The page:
I’ve been spending a lot of time on Tik Tok (aren’t we all), and I came across a few pieces of content highlighting Black artists. They were from art history majors so I’m not surprised that they were sharing individuals like Jean-Michel Basquiat and Carrie Mae Williams, as they should since they’re a key part of art history.
However, I wanted to share a list of Black artists that span all the way from established to emerging. Artists whose work you can see in a museum, some of them you can even see in their studio. Some of them you can even buy (their work going for thousands instead of millions). I understand this list isn’t comprehensive by any means and is completely biased towards the artists whose work has spoken to ME over the years, but I think their work will speak to you as well.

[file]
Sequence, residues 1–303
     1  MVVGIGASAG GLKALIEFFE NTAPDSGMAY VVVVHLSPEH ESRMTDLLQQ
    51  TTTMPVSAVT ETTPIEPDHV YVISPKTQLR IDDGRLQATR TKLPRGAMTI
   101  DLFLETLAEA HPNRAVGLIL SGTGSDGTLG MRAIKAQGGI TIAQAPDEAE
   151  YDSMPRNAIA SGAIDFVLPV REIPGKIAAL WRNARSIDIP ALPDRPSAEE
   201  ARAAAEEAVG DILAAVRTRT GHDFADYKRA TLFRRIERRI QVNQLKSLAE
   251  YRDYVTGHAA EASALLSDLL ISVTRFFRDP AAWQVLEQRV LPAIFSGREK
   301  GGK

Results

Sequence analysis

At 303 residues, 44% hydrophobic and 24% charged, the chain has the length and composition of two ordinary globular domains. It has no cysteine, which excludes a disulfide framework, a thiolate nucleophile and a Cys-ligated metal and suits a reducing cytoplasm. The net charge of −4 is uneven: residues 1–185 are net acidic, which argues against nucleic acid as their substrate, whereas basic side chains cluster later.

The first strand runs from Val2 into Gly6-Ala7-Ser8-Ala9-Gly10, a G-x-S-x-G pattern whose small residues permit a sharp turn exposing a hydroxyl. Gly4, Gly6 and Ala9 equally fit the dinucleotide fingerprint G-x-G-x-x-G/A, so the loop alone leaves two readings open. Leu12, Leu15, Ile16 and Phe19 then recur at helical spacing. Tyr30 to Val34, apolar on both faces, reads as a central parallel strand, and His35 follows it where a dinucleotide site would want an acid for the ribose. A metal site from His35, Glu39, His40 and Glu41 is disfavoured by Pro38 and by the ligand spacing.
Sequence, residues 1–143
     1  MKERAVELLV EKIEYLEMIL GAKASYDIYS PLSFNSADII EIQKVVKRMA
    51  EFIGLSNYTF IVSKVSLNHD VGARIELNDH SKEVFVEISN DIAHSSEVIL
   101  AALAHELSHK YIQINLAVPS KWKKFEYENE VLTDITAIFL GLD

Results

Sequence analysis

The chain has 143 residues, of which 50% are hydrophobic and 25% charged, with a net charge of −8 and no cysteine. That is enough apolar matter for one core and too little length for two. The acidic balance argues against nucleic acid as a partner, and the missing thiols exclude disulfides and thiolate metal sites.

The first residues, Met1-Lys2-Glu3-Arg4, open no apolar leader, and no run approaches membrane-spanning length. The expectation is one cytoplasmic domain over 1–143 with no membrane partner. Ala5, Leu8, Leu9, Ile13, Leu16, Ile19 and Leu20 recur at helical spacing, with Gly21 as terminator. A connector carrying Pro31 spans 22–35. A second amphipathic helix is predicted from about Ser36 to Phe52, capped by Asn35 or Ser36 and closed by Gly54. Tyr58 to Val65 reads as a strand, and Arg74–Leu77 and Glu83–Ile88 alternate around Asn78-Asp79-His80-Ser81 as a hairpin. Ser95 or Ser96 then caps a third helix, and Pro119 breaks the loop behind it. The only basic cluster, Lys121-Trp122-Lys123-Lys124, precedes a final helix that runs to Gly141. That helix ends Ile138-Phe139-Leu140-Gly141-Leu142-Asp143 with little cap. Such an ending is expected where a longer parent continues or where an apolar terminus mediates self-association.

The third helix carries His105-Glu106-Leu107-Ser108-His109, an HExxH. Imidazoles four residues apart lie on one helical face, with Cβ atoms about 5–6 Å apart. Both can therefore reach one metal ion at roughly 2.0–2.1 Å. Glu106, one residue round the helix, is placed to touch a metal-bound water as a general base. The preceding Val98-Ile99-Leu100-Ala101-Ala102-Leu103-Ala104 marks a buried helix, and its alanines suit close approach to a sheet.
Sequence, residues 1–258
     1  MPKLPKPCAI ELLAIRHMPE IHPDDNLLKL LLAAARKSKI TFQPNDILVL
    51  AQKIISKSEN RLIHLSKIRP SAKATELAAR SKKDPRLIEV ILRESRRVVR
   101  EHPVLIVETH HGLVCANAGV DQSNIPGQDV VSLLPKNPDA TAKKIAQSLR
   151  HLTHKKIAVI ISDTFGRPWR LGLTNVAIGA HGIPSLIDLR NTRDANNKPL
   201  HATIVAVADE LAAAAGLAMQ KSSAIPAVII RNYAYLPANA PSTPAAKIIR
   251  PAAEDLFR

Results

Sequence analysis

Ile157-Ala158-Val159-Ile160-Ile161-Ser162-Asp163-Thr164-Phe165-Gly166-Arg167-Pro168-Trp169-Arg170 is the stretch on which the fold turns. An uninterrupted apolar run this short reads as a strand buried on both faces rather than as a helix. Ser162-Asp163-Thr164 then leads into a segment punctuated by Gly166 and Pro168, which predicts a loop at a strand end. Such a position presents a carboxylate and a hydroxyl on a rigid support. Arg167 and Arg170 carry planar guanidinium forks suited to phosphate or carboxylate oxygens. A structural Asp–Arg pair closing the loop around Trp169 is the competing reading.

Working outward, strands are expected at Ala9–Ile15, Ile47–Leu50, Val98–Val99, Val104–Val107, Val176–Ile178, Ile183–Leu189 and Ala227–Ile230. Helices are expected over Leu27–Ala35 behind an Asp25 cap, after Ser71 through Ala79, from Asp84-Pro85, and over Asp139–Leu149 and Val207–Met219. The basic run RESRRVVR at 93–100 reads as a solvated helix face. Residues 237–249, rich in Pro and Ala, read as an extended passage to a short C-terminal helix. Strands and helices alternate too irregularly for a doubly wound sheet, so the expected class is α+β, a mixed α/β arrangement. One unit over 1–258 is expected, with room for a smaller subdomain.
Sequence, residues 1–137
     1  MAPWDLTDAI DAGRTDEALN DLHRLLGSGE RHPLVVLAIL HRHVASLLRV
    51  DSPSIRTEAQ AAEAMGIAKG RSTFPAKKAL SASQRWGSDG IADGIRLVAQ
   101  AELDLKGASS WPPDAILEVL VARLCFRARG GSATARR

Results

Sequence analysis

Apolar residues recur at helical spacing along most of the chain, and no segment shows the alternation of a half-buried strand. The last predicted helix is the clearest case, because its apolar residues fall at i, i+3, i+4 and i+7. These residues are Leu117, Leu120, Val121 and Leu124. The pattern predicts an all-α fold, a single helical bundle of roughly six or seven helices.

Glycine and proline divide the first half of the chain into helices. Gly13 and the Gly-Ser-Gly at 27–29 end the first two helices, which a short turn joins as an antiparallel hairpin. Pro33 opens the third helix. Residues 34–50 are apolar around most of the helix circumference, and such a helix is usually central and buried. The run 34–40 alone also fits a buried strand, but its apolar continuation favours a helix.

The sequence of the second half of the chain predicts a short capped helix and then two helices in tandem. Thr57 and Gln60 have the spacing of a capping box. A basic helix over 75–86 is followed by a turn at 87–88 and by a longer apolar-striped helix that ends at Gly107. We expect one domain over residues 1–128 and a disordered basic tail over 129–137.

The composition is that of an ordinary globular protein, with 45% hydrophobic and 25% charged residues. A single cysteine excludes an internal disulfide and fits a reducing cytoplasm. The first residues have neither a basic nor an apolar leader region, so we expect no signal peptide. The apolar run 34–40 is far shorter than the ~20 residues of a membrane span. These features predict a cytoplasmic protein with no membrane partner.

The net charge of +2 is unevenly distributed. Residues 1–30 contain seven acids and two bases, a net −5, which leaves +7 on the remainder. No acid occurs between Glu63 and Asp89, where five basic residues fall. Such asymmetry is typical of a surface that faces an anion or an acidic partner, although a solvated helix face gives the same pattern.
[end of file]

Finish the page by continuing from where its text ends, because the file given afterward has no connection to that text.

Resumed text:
I’ve listed the artists in alphabetical order and have shared any detail I think is helpful in describing why I think they’re amazing as well as where you can learn more. I know I've left out some artists I'd like to include even as I'm publishing this, so I'll try to keep it update the best I can. Also if you are one of these artists and for whatever reason do not identify as Black and would like to be removed please let me know at email@example.com.
“Adam Pendleton (born 1984, Richmond, Virginia) is an American conceptual artist known for his multi-disciplinary practice, involving painting, silkscreen, collage, video and performance.” (source)
His most recognizable work are his black and white ‘text’/graffiti silkscreens and paintings. He was the youngest artist to sign with Pace Gallery since the 70’s - at the age of 28.